"The Transportation Security Administration is letting airplane passengers formally critique its $2 billion body scanning program -- a requirement for substantial federal programs that TSA had skirted for about four years." (via nextgov.com)The effectiveness of Advanced Imaging Technology (AIT), also known as full-body scanners, is just one piece of the puzzle (one which could use improvement). The TSA needs to also balance privacy concerns on the public side, cost and throughput concerns on the airport side, and safety concerns all around. The fact that the TSA is responding to stakeholder concerns is a positive step.
To address privacy issues, by summer 2013 the TSA will moved entirely to scanners using the Automated Target Recognition (ATR). So instead of naked images, screeners will see a cartoon image which highlights areas where objects are detected, the limitation being that there is no indication of what that object is.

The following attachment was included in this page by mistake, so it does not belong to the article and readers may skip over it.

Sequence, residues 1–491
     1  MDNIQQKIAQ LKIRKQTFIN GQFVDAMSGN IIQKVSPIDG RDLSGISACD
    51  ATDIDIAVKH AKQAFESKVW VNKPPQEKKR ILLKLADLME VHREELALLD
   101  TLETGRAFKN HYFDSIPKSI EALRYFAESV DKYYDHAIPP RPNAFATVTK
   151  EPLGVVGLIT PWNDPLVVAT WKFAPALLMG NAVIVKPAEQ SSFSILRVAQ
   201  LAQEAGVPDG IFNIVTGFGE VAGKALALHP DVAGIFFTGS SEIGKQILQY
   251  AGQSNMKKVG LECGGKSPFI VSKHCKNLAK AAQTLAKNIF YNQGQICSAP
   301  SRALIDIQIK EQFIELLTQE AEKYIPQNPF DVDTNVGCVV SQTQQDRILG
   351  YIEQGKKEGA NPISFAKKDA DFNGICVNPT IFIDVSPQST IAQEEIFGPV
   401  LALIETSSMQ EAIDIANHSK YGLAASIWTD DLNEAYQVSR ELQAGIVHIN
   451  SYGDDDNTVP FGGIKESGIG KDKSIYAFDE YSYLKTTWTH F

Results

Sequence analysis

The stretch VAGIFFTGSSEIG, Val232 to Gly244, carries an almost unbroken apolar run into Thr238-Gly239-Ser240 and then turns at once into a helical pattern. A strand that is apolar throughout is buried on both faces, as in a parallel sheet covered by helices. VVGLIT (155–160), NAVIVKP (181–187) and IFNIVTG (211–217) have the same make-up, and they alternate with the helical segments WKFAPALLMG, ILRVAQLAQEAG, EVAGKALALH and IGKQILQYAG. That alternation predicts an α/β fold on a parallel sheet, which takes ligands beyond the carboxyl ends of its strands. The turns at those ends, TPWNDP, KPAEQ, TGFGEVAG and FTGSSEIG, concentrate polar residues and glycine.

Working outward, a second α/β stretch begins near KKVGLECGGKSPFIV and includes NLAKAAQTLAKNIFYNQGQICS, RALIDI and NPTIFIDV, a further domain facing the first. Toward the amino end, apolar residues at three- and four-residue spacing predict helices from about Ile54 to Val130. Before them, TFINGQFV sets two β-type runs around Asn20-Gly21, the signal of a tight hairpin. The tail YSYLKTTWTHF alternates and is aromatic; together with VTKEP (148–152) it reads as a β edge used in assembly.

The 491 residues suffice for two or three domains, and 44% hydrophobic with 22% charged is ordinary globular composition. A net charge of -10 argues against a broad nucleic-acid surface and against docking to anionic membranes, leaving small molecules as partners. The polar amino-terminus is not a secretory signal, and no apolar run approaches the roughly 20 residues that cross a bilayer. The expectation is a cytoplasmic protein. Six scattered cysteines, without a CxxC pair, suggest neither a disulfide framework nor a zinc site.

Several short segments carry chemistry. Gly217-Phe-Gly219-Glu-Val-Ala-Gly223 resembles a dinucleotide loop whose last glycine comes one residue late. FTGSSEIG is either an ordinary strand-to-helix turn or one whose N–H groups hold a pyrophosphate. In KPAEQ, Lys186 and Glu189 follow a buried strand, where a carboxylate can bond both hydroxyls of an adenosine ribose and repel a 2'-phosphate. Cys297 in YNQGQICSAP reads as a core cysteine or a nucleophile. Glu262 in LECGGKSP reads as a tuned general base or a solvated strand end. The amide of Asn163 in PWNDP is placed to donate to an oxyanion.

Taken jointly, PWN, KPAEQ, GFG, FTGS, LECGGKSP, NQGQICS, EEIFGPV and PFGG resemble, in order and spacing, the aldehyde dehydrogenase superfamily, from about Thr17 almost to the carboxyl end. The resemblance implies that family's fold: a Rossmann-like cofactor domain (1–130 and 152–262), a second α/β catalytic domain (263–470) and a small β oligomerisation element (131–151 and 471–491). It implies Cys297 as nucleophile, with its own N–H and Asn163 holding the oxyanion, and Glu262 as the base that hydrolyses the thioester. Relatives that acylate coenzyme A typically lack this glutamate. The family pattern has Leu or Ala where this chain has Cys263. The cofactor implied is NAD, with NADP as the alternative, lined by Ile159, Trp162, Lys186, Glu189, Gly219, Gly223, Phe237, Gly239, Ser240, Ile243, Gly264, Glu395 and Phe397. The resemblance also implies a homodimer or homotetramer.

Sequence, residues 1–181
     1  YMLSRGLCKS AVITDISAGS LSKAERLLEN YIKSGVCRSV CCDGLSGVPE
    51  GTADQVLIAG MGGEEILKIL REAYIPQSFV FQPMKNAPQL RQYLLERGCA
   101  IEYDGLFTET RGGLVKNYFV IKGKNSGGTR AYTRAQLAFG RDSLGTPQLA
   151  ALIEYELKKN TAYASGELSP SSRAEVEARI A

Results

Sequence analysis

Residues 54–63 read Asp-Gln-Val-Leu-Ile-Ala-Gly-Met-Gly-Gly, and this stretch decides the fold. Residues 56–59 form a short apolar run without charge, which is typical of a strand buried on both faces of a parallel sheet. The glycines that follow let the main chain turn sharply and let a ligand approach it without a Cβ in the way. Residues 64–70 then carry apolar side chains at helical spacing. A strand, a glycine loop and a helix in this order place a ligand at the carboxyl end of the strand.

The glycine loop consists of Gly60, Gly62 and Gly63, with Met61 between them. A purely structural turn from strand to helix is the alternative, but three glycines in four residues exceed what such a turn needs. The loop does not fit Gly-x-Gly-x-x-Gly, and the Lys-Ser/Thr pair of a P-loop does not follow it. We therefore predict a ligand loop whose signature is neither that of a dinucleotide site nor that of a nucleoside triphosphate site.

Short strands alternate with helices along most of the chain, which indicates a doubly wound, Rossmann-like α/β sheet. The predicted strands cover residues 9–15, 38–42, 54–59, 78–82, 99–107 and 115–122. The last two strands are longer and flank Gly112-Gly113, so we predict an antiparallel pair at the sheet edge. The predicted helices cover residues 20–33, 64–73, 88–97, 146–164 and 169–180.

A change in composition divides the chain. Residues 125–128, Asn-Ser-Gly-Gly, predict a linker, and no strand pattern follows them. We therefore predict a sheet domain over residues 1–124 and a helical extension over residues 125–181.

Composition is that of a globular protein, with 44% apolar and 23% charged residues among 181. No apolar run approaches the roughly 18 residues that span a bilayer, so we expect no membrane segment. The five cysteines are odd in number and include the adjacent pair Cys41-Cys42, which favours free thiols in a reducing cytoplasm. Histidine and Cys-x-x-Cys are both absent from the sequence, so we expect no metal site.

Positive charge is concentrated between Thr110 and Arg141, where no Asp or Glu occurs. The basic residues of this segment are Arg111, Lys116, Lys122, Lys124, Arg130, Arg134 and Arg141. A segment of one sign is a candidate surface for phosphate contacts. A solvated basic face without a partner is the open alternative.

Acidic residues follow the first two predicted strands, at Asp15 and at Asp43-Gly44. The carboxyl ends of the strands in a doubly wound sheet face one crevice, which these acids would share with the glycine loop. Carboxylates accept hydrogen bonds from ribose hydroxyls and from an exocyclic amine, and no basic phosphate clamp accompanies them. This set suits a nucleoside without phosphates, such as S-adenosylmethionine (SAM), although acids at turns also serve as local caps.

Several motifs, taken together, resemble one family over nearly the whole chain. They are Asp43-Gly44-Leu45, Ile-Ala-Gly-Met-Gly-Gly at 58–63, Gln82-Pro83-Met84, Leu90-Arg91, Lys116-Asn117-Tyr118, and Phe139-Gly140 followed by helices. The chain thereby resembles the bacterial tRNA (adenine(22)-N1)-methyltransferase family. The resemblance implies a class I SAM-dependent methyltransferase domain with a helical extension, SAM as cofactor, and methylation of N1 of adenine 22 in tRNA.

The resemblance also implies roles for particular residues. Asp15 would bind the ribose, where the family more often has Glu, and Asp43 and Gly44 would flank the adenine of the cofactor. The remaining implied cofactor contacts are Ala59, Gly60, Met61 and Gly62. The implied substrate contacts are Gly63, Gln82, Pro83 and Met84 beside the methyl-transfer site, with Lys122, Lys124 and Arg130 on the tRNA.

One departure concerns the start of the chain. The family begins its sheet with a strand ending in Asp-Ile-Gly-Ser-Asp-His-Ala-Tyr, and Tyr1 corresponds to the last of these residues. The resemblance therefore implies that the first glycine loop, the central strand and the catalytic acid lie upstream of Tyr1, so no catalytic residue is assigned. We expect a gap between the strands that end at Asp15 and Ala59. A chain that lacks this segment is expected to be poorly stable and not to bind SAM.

While the purpose of integrating technology into the screening checkpoint is to make things easier, not harder, the best technology in the world is worthless if it is not used properly, or if your entire screening process hinges on it. The most effective screening methods use multiple layers of security, including intelligence-gathering.
Agency officials acknowledge in the public notice to be released on Tuesday that "the U.S. Court of Appeals directed TSA to conduct notice-and-comment rulemaking on the use of AIT as a screening method for passengers." Passengers will have three months to file opinions.